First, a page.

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Induction of dopaminergic neurons from growth factor expanded neural stem/progenitor cell cultures derived from human first trimester forebrain.

Christophersen, Nicolaj LU ; Meijer, Xia ; Jørgensen, Jesper R ; Englund Johansson, Ulrica LU ; Grønborg, Mette ; Seiger, Ake ; Brundin, Patrik LU and Wahlberg, Lars U (2006) In Brain Research Bulletin 70(4-6). p.457-466
Abstract
Multipotent stem/progenitor cells derived from human first trimester forebrain can be expanded as free-floating aggregates, so called neurospheres. These cells can differentiate into neurons, astrocytes and oligodendrocytes. In vitro differentiation protocols normally yield γ-aminobutyric acid-immunoreactive neurons, whereas only few tyrosine hydroxylase (TH) expressing neurons are found. The present report describes conditions under which 4–10% of the cells in the culture become TH immunoreactive (ir) neurons within 24 h. Factors including acidic fibroblast growth factor (aFGF) in combination with agents that increase intracellular cyclic AMP and activate protein kinase C, in addition to a substrate that promotes neuronal differentiation... (More)
Multipotent stem/progenitor cells derived from human first trimester forebrain can be expanded as free-floating aggregates, so called neurospheres. These cells can differentiate into neurons, astrocytes and oligodendrocytes. In vitro differentiation protocols normally yield γ-aminobutyric acid-immunoreactive neurons, whereas only few tyrosine hydroxylase (TH) expressing neurons are found. The present report describes conditions under which 4–10% of the cells in the culture become TH immunoreactive (ir) neurons within 24 h. Factors including acidic fibroblast growth factor (aFGF) in combination with agents that increase intracellular cyclic AMP and activate protein kinase C, in addition to a substrate that promotes neuronal differentiation appear critical for efficient TH induction. The cells remain THir after trypsinization and replating, even when their subsequent culturing takes place in the absence of inducing factors. Consistent with a dopaminergic phenotype, mRNAs encoding aromatic acid decarboxylase, but not dopamine-β-hydroxylase were detected by quantitative real time RT-PCR. Ten weeks after the cells had been grafted into the striatum of adult rats with unilateral nigrostriatal lesions, only very few of the surviving human neurons expressed TH. Our data suggest that a significant proportion of expandable human neural progenitors can differentiate into TH-expressing cells in vitro and that they could be useful for drug and gene discovery. Additional experiments, however, are required to improve the survival and phenotypic stability of these cells before they can be considered useful for cell replacement therapy in Parkinson's disease. (Less)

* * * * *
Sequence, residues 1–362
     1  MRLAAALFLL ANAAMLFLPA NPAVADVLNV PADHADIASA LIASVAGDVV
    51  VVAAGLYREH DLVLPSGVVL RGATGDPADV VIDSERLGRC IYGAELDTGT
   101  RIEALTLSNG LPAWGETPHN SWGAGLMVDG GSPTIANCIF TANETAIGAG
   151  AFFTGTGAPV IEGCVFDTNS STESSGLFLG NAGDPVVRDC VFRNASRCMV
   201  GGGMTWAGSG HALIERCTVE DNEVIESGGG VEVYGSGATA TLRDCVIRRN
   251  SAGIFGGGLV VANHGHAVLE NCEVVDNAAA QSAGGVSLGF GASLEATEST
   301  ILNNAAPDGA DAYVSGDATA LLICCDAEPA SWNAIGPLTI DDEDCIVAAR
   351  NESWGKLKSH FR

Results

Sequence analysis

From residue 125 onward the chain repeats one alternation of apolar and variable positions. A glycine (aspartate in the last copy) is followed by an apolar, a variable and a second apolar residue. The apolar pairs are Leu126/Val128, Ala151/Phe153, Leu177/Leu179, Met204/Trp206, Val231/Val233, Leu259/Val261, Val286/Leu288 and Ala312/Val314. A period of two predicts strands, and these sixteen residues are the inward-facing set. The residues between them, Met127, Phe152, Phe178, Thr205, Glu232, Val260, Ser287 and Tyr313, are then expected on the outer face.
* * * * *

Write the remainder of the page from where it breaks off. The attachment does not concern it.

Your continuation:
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author
organization
publishing date
type
Contribution to journal
publication status
published
subject
keywords
Neural stem cell, Neural progenitor, Neurospheres, Human, Tyrosine hydroxylase, Dopaminergic, Parkinson's disease, Differentiation method
in
Brain Research Bulletin